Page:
A highly successful metal replacement application is a new supercharger outlet elbow/duct made of DuPont™ Zytel® HTN PPA from DuPont Performance Polymers. The intermediary duct for the outboard engine captures all the value of engineering polymers – parts consolidation, high-temperature resistance, lower weight and reduced cost – with no performance tradeoffs. The high-performance duct is the first use of a thermoplastic in a pressure-charged air handling duct for outboard engines. The thermoplastic duct, which delivers charged air from the supercharger to the charged air cooler, operates in an extremely hot environment (up to 175°C). Zytel® HTN51-series resin, a high-temperature resistant PPA, meets the stringent thermal requirements, replacing thin-gauge 1018 formed steel which also required a heat sleeve for added thermal protection. The 7-in-long, 2.4-in dia. thermoplastic duct doesn’t require a heat shield and provides a cooler touch. The conversion from metal to Zytel® HTN PPA reduces the number of parts (six to five) and lowers associated part costs. The plastic design eliminates the corrosion layer and a related painting step which was required on the steel version and also offers more pleasing aesthetics (better surface appearance). Also eliminated was a failure of the metal to repeatedly cut the rubber cuffs at the end of the duct. Known for its exceptional temperature and load resistance, Zytel® HTN resin also provides 15% faster cycles than competitive PPA materials. The material’s high-glass transition temperature of 145°C facilitates better flow and faster part ejection. The supercharger elbow duct was manufactured by using a rotating core to produce a gentle, curved design which helped minimize pressure drops. The injection molding process also produced parts with greater dimensional stability than those made of formed steel.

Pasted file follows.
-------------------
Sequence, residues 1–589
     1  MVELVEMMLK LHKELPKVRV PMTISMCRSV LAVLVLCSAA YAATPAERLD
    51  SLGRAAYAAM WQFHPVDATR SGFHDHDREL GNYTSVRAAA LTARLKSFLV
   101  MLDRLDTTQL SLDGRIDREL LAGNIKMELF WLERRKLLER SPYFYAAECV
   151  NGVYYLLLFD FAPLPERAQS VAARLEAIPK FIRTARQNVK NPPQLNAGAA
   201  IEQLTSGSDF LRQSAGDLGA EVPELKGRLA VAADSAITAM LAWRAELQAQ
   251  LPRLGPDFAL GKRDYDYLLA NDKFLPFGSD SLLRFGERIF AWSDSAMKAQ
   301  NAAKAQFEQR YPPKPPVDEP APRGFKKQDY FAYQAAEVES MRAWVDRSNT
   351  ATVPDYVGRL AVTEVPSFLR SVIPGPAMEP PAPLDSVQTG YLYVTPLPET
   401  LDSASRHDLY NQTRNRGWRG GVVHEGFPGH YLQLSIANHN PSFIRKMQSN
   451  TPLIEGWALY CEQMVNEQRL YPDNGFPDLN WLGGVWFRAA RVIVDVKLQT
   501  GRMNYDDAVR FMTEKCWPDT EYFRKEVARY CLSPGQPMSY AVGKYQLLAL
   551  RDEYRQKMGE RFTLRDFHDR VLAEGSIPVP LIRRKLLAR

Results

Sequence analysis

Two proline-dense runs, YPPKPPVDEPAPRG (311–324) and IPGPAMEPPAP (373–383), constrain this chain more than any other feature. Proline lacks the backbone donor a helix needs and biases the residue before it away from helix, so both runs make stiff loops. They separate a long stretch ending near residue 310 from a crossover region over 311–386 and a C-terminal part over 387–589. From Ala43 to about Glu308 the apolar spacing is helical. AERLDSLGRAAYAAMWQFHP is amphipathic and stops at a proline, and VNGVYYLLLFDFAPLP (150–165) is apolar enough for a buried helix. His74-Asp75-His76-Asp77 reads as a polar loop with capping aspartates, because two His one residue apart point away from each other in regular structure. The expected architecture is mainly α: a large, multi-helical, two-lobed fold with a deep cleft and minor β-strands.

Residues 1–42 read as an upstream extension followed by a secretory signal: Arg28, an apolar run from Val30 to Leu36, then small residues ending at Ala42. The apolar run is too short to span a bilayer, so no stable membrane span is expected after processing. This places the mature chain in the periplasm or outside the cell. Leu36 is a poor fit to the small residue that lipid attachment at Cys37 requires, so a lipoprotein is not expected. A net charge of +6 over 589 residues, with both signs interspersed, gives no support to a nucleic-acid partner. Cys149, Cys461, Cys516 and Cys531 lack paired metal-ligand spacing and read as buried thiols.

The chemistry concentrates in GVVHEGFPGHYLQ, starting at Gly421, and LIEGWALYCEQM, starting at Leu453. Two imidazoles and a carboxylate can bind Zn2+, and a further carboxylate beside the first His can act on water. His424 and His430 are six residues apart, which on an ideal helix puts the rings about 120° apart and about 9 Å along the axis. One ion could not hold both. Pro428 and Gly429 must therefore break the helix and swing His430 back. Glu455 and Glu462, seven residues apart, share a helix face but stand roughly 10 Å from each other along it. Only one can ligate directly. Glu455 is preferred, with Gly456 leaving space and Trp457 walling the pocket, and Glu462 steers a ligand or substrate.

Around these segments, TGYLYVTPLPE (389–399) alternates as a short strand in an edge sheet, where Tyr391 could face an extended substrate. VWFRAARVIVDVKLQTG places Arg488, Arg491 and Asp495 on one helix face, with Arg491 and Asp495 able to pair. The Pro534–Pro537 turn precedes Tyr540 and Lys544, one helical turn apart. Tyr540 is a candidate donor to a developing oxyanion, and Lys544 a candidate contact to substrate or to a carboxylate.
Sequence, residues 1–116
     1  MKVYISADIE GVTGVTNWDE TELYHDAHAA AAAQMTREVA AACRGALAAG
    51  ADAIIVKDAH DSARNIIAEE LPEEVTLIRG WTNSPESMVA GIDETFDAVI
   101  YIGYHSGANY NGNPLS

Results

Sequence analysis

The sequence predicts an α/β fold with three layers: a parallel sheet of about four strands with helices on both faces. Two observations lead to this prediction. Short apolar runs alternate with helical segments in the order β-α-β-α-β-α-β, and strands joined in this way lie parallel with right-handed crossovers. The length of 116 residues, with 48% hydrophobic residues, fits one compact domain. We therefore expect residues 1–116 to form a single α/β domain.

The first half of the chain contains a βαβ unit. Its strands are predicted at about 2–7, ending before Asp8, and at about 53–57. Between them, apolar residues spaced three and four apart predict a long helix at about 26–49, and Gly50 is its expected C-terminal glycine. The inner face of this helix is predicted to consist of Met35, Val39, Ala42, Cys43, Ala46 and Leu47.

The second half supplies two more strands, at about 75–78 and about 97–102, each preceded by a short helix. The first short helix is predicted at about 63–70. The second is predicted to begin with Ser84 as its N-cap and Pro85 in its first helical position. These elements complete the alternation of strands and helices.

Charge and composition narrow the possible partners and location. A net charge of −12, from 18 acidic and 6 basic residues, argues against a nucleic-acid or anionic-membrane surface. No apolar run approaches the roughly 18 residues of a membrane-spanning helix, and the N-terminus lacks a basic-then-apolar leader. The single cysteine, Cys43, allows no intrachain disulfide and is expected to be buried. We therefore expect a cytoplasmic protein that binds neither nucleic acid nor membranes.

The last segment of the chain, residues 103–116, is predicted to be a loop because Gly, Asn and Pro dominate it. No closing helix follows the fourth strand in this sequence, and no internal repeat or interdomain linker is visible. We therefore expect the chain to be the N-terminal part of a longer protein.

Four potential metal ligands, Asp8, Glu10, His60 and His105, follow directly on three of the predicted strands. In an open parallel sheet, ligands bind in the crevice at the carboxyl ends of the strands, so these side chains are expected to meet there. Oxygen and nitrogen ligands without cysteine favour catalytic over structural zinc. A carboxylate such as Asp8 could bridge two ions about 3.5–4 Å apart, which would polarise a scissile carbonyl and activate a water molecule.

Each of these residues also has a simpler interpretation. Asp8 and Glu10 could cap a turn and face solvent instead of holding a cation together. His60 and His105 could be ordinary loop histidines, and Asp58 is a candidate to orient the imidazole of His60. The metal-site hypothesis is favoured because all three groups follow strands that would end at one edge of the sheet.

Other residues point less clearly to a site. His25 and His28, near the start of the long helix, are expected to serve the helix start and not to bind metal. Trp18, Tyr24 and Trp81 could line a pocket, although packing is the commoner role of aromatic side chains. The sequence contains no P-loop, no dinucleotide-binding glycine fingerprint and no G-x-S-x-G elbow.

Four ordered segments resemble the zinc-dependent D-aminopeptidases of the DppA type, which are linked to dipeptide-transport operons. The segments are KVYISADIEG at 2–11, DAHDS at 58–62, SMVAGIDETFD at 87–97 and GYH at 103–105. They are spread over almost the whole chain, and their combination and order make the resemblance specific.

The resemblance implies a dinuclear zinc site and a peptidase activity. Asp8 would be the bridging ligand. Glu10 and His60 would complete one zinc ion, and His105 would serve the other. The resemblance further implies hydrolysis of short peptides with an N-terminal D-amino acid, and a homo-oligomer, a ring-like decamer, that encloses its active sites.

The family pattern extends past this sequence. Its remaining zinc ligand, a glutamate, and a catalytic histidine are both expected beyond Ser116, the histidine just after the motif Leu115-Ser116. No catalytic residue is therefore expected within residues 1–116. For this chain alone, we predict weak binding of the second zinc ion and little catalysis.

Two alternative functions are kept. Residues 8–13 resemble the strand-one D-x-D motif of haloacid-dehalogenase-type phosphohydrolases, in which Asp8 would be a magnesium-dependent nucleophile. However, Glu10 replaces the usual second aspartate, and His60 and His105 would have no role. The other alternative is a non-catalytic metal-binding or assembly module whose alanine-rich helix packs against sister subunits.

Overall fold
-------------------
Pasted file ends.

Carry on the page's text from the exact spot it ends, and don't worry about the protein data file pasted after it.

The plastic supercharger outlet duct is used on all four- and six-cylinder models of Mercury Marine’s flagship Verado supercharged outboard engine. Mercury was an early adopter of engineering thermoplastics in outboard engine components and has increasingly used DuPont materials for their unique benefits over traditional materials like metal.